Either we die or we are immortal. And either our selves move relentlessly forward in time while the moments of our lives slip continually backward out of reach, or else we gain the capacities to stop moving forward in time and to keep the precious moments of our lives from flowing backward in time beyond our grasp. Of all the possibilities, none is better than the one we have. We die, and our selves move inexorably forward in time while the moments of our lives ineluctably vanish into the past. In fact, it may be the option that contains the least amount of death.

At that most fundamental level, the bundle of ego and anxiety that dwells within me feels consoled about our mortal condition. Not cheered. But consoled. I—you, we, humankind—got the best deal imaginable. (231)

Reflections – I am a transhumanist who has argued vehemently that death is an ultimate evil and that death should be optional. ( I have written almost 50 posts on various aspects of death.) So it is hard to put aside some of my preconceived ideas, and give Stark’s book a fair hearing. But I have tried. Still, while I find many of Stark’s arguments puzzling or unconvincing, there is a big problem with the book that undermines its basic argument.

The book suffers from a shocking lack of imagination. If we must either die or live forever, and if living forever is terrible, then dying is preferable. That’s his argument in a nutshell. But his conceptions of immortality are so limited. He offers but a few immortality scenarios which compare unfavorably with dying, when we cannot even comprehend what immortality might be like or how many immortality scenarios there may be. So yes, dying is better than living forever in hell or being infinitely bored, but there are an infinite number of other possibilites, many now unimaginable.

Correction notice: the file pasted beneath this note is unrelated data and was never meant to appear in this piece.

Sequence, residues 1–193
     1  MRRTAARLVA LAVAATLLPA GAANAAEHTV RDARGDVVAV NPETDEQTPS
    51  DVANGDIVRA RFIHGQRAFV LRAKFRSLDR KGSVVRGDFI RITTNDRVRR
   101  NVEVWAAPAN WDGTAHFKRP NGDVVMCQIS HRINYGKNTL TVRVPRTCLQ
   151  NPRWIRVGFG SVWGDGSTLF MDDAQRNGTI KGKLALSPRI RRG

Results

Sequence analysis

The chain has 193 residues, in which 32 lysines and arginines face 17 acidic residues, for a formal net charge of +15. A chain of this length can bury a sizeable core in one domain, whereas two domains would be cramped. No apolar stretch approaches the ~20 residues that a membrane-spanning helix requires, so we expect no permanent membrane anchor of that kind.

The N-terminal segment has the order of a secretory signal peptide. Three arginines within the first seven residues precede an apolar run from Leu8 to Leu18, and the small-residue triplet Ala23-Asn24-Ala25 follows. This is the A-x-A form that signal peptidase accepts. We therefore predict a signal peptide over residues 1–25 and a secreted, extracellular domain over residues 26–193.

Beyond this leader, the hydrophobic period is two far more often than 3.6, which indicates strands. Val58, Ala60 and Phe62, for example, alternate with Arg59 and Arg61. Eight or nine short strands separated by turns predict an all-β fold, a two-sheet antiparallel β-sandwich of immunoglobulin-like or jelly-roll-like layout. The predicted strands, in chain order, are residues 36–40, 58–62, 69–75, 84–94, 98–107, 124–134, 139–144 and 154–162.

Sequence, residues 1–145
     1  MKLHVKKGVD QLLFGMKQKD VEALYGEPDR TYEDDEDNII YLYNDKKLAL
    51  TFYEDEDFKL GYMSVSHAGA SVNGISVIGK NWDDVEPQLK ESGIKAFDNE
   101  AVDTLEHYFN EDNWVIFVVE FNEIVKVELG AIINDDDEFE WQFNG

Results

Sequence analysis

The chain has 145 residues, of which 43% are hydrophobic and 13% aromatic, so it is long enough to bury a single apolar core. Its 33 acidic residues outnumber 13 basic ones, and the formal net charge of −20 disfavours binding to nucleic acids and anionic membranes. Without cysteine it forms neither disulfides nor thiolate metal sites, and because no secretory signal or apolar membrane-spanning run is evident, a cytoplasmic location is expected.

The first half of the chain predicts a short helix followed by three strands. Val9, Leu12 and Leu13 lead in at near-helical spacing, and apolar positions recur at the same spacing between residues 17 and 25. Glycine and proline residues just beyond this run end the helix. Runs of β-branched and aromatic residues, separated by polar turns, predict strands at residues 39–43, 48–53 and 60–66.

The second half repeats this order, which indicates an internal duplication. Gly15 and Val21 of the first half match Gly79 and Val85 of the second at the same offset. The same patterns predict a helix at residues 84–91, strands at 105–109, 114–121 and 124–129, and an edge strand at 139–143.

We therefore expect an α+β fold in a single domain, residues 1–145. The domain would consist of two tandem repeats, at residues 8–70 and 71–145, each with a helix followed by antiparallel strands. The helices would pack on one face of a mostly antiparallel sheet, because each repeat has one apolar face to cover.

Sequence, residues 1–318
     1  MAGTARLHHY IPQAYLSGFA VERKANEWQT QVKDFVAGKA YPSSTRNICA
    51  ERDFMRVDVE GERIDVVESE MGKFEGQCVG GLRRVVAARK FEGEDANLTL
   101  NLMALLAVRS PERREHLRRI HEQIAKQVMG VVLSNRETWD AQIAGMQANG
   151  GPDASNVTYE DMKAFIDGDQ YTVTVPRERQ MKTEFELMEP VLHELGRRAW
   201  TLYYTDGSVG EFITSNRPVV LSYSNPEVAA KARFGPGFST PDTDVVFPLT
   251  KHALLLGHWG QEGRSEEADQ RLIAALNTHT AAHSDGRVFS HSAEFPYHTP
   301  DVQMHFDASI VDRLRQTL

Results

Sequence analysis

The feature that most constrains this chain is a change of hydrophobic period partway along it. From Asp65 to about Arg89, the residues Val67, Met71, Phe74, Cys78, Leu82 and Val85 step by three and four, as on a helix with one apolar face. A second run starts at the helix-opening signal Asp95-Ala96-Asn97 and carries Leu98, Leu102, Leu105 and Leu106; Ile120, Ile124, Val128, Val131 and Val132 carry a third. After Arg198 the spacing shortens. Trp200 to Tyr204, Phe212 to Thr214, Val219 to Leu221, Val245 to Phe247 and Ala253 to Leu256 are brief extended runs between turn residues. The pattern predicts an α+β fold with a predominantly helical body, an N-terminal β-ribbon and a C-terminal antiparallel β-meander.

His argument against optional immortality perfectly displays this lack of imagination. Somehow the lives of beings for whom death is optional would be so bad that they would be better off without that option. Really? He feels so good about life transitoriness that he doesn’t even want the option to live longer? If he were given a death sentence and were otherwise healthy, he wouldn’t want the option to have the order rescinded? I doubt it.

People who reject the option of not dying also suffer from a lack of imagination. Since they don’t think they can have it, they reject it. This is an example of “adaptive preferences,” when you adapt your preferences to what you can get. I can’t get a date with Scarlett Johannson, so I say I don’t want her anyway. I can’t get a billion dollars, so I say I don’t want it anyway.

Death is like having a time bomb strapped to your chest; it will eventually go off, we just don’t know when. Actually its worse since we might die quite slowly. So, you really don’t want the option of having it turned off, even if you have the option of setting it off yourself if you get tired of living?

Here’s one thing you can bet your life on. When an effective anti-aging pill becomes available at the drug store … it will be popular! When the dying are given the option to take a shot which makes them completely healthy, many will take the shot! 

Finally, this lack of imagination reveals itself most clearly in the book’s final lines. It is hard not to choke when reading: “Of all the possibilities, none is better than the one we have … I—you, we, humankind—got the best deal imaginable.” This is Leibniz’ assertion that this is the best of all possible worlds without Voltaire to lampoon it. But I can. Stark simply can’t believe dying and the loss it entails is “the best deal imaginable.” The only way to honestly draw this conclusion is if you can’t realistically imagine anything better. But I can. And so can many others.